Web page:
As far as the banking industry is concerned, the UF however need not take any pioneering initiative. Reforms here have been underway for more than four years now. Moreover, despite all the euphoria about bank nationalisation in the 70s, the banking industry in India had never been closed to private Indian and foreign banks. Interestingly, wayback in June 1990, i.e., a year before India finally embarked on the full course of reforms through the July ’91 New Economic Policy, the World Bank had come out with a comprehensive prescription of reforms for the financial sector in India. The November 1991 report of the RBI-appointed Committee on the Financial System (better known as the Narasimham Committee) only echoed it more elaborately. Another committee was set up for the insurance sector under the chairmanship of former RBI governor RN Malhotra and the Malhotra Committee too duly dittoed the Fund-Bank line of exposing the insurance industry to greater competition from within and without. But while the implementation of Malhotra Committee recommendations had to wait in the face of a united and determined resistance of insurance employees, the government could have its way with the relatively less "controversial" agenda set by the Narasimham Committee.

The banking reforms have all been about enhancing the autonomy of the central bank (the RBI), deregulating the interest rate structure and lending activities of commercial banks (what in banking parlance is known as bringing about a reduction in statutory pre-emption of banks’ resources and rationalisation of interest rate structure) and ensuring greater operational freedom for private Indian and foreign banks. To force the pace of reforms and ensure easy and maximum compliance from every individual public sector bank, the Narasimham committee introduced the so-called "prudential accounting norms" according to which banks were to make parallel provision for what has come to be known as non-performing assets. Interestingly, contrary to the public perception and propaganda about NPAs arising primarily out of loans to sick industries and poor peasants, the accumulation has been mostly in the form of "bad debts" to big business houses and the kith and kin of influential political leaders (CM Ibrahim, Deve Gowda’s right-hand man in the present cabinet is reported to owe Rs. 50 lakh to a nationalised bank which he has apparently pleaded incapable of repaying and has appealed for a waiver) and funds of enormous amounts locked in all sorts of shady deals.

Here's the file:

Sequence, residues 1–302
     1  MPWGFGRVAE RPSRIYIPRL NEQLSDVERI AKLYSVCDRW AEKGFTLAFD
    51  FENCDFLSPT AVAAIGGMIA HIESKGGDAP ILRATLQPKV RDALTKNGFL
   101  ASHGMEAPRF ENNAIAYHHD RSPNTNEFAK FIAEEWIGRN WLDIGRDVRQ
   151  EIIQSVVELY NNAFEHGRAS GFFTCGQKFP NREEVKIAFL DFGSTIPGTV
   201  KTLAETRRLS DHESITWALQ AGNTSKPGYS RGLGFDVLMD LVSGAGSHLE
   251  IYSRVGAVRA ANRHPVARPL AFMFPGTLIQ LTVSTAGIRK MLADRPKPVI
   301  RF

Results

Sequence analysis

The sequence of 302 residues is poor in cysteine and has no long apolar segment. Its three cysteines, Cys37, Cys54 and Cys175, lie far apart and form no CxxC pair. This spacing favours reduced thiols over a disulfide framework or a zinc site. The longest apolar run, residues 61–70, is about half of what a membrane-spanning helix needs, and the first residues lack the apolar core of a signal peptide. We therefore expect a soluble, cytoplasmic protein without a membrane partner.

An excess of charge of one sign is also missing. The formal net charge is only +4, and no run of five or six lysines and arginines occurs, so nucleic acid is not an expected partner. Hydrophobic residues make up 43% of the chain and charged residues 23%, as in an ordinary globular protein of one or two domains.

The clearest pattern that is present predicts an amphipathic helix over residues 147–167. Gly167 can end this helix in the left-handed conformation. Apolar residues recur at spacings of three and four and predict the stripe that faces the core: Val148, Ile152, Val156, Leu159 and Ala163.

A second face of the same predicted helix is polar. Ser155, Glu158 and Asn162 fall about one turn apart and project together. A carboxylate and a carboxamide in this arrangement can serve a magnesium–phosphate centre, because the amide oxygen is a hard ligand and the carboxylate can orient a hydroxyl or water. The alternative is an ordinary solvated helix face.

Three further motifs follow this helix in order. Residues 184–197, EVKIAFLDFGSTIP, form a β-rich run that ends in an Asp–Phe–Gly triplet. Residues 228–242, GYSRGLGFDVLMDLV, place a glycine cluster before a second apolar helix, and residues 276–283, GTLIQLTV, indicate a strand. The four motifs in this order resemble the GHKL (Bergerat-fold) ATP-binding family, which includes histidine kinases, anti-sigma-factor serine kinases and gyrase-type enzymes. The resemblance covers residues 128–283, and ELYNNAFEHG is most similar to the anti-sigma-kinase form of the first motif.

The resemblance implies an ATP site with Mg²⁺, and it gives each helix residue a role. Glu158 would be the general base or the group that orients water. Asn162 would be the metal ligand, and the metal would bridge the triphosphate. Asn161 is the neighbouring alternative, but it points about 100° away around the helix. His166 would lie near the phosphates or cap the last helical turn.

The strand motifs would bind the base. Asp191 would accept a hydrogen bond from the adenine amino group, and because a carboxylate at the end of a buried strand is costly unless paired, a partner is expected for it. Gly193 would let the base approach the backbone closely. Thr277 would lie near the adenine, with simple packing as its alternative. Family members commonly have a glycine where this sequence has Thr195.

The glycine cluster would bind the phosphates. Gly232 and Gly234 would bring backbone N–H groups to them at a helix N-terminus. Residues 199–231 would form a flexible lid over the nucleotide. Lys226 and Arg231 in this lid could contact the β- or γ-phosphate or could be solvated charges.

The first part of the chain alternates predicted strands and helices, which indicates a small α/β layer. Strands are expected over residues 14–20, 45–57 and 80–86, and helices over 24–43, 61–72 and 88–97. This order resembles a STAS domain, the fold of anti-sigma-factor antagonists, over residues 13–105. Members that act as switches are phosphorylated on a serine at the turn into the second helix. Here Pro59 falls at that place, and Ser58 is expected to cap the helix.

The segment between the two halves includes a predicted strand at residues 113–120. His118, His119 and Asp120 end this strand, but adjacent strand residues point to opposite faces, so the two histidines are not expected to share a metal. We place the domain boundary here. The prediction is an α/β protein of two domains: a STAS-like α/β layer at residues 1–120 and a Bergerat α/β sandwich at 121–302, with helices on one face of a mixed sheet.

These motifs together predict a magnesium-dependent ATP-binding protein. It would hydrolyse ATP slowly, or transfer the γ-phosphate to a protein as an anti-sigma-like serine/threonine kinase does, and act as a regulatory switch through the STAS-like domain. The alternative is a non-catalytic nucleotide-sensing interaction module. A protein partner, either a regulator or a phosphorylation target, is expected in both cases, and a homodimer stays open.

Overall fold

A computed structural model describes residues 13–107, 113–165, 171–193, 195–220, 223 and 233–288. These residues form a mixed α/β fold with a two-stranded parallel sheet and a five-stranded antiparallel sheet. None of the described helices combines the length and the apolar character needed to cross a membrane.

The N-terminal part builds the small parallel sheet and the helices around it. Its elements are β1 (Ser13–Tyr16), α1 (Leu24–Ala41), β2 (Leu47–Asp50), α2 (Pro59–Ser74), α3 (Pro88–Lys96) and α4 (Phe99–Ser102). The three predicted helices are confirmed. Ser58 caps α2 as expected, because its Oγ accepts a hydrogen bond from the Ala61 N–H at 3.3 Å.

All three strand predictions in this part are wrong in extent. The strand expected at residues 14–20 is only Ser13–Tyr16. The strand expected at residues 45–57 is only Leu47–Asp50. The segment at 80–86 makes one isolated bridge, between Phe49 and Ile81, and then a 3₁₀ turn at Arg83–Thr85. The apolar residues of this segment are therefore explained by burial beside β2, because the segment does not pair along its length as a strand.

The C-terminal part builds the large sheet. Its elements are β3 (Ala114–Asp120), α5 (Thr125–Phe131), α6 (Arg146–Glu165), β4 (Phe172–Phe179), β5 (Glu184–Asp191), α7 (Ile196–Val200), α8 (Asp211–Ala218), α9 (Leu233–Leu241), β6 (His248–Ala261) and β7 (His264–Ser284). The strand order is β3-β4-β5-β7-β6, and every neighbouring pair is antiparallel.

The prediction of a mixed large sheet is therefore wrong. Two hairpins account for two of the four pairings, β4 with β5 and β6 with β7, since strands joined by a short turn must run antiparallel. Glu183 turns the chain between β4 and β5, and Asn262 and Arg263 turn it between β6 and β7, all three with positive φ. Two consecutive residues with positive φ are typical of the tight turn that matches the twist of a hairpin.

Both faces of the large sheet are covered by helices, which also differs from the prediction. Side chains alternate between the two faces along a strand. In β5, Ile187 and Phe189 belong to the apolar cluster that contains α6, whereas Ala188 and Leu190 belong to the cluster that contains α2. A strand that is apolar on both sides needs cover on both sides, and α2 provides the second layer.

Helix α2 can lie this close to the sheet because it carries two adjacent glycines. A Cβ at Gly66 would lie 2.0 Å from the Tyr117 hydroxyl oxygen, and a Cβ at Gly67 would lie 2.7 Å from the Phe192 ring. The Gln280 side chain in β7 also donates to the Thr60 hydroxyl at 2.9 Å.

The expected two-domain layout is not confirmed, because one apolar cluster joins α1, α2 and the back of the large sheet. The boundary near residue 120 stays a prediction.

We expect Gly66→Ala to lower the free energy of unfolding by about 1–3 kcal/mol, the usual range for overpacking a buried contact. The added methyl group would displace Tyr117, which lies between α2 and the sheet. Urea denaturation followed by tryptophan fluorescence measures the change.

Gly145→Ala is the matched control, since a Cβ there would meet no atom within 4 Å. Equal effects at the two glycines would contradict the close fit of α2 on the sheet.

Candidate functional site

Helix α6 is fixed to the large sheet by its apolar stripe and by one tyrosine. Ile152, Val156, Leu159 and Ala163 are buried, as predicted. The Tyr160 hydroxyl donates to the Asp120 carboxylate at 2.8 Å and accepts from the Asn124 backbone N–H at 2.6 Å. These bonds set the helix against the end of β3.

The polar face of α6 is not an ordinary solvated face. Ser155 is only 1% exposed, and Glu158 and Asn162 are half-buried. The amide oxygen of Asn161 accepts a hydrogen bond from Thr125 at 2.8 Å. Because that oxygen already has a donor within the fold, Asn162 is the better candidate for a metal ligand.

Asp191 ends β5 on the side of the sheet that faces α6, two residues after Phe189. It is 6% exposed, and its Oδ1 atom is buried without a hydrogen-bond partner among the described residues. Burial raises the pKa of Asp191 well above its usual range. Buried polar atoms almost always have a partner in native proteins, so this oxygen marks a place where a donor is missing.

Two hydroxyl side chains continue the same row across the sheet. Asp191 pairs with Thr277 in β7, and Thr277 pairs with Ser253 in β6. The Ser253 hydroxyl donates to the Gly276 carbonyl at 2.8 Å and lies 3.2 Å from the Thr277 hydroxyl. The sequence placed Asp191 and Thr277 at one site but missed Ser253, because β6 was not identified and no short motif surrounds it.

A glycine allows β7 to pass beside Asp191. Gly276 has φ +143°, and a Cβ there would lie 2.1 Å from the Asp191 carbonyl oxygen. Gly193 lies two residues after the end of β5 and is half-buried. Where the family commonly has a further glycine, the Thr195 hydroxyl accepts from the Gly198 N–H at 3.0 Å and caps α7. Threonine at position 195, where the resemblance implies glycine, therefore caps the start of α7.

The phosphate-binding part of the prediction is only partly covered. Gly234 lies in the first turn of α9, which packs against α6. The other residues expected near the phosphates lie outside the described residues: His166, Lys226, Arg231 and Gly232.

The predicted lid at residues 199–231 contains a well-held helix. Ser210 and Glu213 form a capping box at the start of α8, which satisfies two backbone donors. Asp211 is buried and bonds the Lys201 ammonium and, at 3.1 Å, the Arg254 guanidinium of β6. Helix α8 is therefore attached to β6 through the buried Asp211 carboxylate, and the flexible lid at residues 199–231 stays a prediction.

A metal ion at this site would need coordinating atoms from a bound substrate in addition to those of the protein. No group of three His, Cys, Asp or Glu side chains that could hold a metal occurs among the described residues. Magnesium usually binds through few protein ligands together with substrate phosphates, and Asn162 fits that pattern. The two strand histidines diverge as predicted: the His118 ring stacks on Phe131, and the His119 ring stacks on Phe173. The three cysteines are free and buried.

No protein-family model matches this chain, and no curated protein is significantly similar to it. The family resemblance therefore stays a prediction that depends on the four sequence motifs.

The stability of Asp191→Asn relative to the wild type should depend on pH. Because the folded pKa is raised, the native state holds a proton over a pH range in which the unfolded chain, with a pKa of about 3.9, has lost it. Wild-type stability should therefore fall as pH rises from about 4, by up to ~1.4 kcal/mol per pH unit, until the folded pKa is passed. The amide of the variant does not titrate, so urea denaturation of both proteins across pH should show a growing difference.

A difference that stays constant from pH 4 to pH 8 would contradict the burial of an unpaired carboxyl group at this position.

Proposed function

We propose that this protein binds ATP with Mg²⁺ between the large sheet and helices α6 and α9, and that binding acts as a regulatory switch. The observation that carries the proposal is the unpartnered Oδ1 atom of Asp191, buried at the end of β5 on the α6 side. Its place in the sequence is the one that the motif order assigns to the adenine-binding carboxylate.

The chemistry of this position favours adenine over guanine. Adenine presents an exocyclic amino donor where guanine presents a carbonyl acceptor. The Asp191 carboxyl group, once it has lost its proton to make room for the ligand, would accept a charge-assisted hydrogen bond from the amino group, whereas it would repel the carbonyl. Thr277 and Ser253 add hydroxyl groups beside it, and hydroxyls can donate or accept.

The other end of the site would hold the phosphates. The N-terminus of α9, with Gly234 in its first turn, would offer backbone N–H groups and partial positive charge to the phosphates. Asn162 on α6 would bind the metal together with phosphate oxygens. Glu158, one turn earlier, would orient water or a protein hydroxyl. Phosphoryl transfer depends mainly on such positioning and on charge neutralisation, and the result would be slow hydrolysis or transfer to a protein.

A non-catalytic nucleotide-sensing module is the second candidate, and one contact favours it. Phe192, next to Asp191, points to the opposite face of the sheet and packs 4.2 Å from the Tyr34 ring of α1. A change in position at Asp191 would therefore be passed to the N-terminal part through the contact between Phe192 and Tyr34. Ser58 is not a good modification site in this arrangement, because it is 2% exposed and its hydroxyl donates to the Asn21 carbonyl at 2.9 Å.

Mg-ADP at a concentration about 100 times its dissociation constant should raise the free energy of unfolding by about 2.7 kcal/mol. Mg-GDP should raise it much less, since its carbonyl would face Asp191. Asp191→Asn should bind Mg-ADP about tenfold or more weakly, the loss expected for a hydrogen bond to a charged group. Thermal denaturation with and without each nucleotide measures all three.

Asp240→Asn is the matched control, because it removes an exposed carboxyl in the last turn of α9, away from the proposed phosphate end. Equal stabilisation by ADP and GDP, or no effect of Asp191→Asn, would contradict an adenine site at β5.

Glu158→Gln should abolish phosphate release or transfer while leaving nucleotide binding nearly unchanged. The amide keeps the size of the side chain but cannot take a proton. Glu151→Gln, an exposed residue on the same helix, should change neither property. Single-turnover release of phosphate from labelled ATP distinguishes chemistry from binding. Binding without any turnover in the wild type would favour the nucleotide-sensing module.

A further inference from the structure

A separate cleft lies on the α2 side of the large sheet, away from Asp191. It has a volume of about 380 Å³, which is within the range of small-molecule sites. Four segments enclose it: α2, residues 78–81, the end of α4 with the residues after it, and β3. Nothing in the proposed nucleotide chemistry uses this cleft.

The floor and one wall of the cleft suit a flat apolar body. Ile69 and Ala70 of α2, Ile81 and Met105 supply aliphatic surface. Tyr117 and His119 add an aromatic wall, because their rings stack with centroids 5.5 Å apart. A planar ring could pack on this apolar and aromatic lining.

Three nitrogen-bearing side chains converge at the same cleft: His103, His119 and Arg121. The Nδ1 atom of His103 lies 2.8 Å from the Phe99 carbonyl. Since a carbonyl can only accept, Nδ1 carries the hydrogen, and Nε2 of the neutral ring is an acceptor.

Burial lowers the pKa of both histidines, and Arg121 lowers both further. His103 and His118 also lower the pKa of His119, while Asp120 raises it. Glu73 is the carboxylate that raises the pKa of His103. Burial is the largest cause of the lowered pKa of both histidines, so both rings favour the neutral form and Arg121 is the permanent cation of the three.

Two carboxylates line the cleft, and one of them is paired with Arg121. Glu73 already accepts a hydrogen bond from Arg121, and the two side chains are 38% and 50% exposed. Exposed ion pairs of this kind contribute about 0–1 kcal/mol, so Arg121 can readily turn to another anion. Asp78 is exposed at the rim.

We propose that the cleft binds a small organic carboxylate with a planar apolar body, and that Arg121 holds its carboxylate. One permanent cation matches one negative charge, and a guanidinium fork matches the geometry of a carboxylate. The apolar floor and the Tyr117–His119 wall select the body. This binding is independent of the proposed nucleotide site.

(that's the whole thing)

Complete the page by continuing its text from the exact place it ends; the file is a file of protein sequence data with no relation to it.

Through all these means, the reforms have been systematically aiming at limiting and distorting the very scope and content of public sector banking. Public sector banks are encouraged to reverse their erstwhile professed lending priorities and compete with foreign banks in quest of quick mega profits in the share market. The celebrated securities scam of the early 90s was a logical offshoot of this new ethos of public sector banking. It was patently no "systems failure", as Monmohan Singh wanted us to believe, rather it only gave us a systemic insight into the emerging shadowy world of modern competitive banking in our country.

And if the Reserve Bank’s latest Report on Trend and Progress of Banking in India is any guide, the banking reforms have already made substantial headway. According to 1994-95 performance figures, nationalised banks in India made a net profit of Rs. 269.3 crore while private foreign and Indian banks walked away with Rs. 672.1 crore and Rs. 366.6 crore respectively. In terms of operating profits, nationalised banks however still topped the list with a profit of Rs. 2,937.4 crore followed by foreign banks (Rs. 1,431.4 crore) and private Indian banks (Rs. 742.3 crore). Instead of nationalised banks proper if we look at public sector banks as a whole (including the State Bank group), the net profit at Rs. 1,115.8 crore is only marginally greater than the combined (foreign and Indian) private banks’ share of Rs. 1,038.7 crore. In terms of return on assets (ROA), foreign banks lead the pack with an ROA rate of 1.78% followed by private Indian banks (0.96%) with public sector banks notching up figures of only 0.25%, and nationalised banks finishing a poor fourth with an ROA ratio of only 0.10%.